Upward curvatures: a reversible coenzyme or activator is part of the enzyme preparation. v is proportional to the square of [E]tot, until the enzyme is saturated with coenzyme or activator at high [E]tot, whereupon a linear rate dependence obtains (Fig. 4, curve c). This behavior is observed with proteinases known to need some activator, such as in benzoyl-arginineamide hydrolysis by ficin [20]. Suboptimal amounts of thiols in the enzyme preparation give upward curvature with or without cyanide activator. When thiogylcollate is added, the curvature disappears (e.g., Fig. 4, curve a). Another example is phosphofructokinase, which is active only in its aggregated form [20], so velocity increases as some power of the concentration of the enzyme (Fig. 4, curve d). AMP binds to the aggregated active form, whereas ATP favors the dissociated form [21], so as ATP is hy-drolyzed the enzyme becomes increasingly active. However, the behavior is more complicated with ATP, as ATP binds to both aggregated and dissociated forms of the enzyme, acting both as an activator of activity and a modulator of aggregation state. Its profile is a displaced activation curve with a different linear terminal rate at high enzyme concentration (Fig. 4, curve e).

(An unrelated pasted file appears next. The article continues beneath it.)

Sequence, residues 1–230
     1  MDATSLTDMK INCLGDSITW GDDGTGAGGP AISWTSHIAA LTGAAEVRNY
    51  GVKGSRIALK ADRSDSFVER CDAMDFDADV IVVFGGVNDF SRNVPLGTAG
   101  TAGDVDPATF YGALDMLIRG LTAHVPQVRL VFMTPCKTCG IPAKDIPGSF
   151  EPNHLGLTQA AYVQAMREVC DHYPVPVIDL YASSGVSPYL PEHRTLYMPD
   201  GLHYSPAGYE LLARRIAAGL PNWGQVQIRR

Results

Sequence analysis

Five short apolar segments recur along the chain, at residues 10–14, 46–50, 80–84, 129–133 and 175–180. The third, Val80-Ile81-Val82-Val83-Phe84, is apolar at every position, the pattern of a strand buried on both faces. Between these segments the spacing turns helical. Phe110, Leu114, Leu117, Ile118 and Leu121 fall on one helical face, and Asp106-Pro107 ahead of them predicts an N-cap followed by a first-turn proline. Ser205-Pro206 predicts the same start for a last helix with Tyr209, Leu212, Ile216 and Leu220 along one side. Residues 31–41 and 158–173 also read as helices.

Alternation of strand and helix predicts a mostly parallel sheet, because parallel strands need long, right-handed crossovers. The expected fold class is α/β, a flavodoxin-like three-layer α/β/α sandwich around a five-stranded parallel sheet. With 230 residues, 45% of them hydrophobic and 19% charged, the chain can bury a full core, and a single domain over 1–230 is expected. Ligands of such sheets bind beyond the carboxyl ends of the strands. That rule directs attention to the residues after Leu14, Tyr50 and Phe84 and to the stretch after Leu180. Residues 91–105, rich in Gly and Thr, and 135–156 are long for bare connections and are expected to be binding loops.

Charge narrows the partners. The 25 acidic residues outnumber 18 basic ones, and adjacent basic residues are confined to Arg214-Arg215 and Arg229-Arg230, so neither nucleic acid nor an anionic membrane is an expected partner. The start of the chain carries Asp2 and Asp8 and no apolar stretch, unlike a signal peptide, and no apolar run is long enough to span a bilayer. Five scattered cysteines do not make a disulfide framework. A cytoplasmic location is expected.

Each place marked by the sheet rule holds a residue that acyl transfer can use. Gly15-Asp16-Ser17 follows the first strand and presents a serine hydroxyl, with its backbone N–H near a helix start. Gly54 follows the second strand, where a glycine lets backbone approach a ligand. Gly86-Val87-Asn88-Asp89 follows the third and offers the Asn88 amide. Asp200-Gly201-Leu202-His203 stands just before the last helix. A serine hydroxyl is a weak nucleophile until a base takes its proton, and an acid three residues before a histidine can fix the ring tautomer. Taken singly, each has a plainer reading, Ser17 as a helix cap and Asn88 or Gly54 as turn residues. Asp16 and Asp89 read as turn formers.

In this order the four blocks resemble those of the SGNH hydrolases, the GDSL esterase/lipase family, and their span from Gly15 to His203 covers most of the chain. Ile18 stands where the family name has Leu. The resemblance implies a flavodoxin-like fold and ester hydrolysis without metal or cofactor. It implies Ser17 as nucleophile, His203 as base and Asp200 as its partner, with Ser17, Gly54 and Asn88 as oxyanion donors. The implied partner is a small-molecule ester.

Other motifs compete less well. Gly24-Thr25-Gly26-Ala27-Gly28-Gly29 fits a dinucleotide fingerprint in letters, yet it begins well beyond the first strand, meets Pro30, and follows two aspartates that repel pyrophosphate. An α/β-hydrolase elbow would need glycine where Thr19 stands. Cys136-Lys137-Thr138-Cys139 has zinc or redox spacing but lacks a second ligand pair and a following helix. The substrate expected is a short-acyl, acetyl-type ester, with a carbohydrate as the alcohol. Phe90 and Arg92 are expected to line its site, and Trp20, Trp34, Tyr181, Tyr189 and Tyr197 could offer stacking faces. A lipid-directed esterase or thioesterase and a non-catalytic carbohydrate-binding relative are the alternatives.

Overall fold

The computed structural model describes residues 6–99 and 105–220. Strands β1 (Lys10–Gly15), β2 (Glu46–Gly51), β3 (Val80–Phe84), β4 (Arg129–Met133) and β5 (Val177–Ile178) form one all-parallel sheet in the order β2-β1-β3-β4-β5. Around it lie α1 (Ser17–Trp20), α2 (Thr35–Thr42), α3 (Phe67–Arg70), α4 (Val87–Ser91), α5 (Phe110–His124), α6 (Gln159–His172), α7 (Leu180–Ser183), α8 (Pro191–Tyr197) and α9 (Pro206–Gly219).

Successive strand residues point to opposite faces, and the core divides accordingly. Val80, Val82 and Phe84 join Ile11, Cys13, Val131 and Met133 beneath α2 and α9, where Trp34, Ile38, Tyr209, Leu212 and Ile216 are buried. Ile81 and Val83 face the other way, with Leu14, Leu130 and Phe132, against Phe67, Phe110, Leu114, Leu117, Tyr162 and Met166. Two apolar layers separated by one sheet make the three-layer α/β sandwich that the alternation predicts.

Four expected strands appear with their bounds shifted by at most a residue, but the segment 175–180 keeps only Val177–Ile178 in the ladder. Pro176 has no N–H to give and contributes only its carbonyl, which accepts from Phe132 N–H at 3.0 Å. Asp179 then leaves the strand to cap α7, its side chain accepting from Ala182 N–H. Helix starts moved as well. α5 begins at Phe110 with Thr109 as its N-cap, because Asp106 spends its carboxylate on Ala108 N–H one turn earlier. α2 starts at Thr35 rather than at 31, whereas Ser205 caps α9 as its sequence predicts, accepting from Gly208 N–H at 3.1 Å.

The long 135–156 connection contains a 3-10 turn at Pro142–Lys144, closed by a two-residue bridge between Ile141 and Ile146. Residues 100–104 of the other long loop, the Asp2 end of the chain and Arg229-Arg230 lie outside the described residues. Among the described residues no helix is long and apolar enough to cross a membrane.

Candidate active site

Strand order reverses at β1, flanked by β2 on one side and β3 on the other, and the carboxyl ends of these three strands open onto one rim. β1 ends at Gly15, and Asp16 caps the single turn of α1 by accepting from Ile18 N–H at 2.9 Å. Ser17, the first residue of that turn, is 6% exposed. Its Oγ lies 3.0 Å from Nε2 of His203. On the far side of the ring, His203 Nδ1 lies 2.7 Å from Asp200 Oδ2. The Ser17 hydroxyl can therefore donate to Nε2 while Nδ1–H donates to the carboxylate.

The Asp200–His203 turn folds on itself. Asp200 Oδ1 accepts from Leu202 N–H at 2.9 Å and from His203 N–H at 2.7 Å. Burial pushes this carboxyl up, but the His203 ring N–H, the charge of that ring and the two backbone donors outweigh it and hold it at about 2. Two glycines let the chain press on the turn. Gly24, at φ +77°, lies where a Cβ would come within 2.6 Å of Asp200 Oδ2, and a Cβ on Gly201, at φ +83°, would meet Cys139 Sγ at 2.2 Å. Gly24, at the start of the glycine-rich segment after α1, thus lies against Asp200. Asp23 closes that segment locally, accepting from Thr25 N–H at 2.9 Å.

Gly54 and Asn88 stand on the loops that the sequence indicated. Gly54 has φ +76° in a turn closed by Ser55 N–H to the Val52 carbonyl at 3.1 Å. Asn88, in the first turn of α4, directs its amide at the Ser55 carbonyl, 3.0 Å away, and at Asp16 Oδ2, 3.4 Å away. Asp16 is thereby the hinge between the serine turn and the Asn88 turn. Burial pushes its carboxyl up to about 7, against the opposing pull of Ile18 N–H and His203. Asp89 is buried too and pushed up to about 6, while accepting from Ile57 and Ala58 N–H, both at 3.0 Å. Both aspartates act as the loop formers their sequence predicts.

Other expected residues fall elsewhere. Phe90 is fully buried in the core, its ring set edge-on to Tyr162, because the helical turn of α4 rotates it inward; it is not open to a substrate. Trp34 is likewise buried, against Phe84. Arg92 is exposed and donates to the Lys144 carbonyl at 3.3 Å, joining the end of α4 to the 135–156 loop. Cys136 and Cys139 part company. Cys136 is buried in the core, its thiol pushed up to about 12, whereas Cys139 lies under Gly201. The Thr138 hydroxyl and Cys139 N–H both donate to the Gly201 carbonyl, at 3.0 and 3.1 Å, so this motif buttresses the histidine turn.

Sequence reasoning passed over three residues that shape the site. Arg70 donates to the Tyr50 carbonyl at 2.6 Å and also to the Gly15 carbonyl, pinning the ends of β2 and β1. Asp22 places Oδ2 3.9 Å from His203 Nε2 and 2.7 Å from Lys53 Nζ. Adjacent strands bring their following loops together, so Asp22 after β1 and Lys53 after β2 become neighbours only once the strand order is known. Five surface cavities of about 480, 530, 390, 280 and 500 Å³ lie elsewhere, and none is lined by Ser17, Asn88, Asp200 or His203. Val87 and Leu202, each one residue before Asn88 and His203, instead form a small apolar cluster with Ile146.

Downward curvatures: are a more common occurrence. They can result

Figure 5 Examples of initial rate versus enzyme concentration plots with downwards curvature. Normal (a), limiting coupling enzyme or assay component (b), addition of more limiting enzyme or assay component (c), and time-dependent inactivation or presence of inhibitor in enzyme preparation (d).

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